What keeps you from doing the things you want to do in life? Are you penned in by the expectations of others? Or is it your own doubting self that keeps you from fully expressing who you are and what you were meant to do in this life?
Seth Godin tells us that the culprit is often within us and labels it our inner critic, a voice inside us that “comes from the shadows.” We’re not talking about the voice of reason or intuition warning you against doing something dumb or misguided, but the voice that comes from the place where “we store our shame, our insufficiency, our fraudulent nature.”
Godin advises us on how to deal with the intractable fear-mongering of this inner voice, via an (edited) anecdote courtesy of Pema Chödrön:
When the inner critic arrives, invite him to sit for tea. Instead of running, welcome him. Dance with him, talk with him, take him along for a long, boring car ride. Suddenly, you’ll find he’s not so dangerous. He’s sort of banal, actually.
You need to see the inner fear for what it is, an imposter posing as your real self. The truth is “the critic isn’t nearly as powerful as you are, not if you are willing to look him in the eye.” When we confront and face down this fear, a funny thing happens. It crawls back into the shadows and leaves us to our own more astute devices.
There’s another way to look at and deal with fear.
It comes from John Templeton. He too realizes that it is important to distinguish between the fears that help us and those that hurt us. What Templeton is talking about in the following edited passage is the fear that keeps us from being our best selves.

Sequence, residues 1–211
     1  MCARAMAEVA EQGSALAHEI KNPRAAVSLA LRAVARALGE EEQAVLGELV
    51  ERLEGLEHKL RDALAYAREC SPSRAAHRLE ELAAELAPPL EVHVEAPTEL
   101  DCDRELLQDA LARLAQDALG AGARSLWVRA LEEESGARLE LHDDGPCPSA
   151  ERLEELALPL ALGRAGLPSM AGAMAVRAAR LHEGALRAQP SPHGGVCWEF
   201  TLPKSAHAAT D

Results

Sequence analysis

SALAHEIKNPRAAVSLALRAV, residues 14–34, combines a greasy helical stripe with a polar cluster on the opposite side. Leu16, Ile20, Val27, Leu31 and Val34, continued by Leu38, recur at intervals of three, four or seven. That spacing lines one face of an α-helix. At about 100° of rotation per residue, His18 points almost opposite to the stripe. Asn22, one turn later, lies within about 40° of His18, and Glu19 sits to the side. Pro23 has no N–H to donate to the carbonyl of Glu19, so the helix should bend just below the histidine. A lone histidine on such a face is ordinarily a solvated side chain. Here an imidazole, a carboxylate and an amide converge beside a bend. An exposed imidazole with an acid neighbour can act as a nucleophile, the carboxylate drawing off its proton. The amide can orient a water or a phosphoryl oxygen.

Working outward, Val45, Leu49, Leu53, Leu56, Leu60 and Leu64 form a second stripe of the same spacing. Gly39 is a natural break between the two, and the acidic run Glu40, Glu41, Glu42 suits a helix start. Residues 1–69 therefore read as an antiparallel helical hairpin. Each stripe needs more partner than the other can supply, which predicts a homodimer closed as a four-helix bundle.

If you have a given fear, ask yourself: what’s the worst possible thing that can reasonably happen. If the worst happens, is it manageable or reversible? Because in most cases, the worst that can happen is usually not that bad.
As Templeton points out, many times we fear things that cannot hurt us. “We fear the unknown and can often experience fear and anxiety about the future. We believe there is the potential for terrible things to happen to us and we don’t know when.”
When that happens, we are unable to live a full life, as the fear takes root in anticipation of the worst possible scenario. Nothing good comes of this:
- Fearing a possible humiliation, we forgo making a contribution.
- Fearing rejection, we avoid asking the things we need to ask.
- Fearing nonconformity, we relinquish our individuality.
Unreasoning, irrational fear holds us back from the fullest expression of ourselves. It locks us in an invisible prison. It causes us to compromise and settle for less and can even prevent us from loving ourselves and others.
But the truth is by approaching life without fear, things tend to work out for the best. When we put fear in its proper place, we lose the filter that prevents us from seeing a world that’s ripe with possibility and opportunity.
As John Templeton says, “like the child who discovers that ghosts are not real or worthy of fear, we can come to see that most of our fears are also phantoms,” or invisible barriers to becoming who we want to become. When we address these fears, we move forward with courage and discover: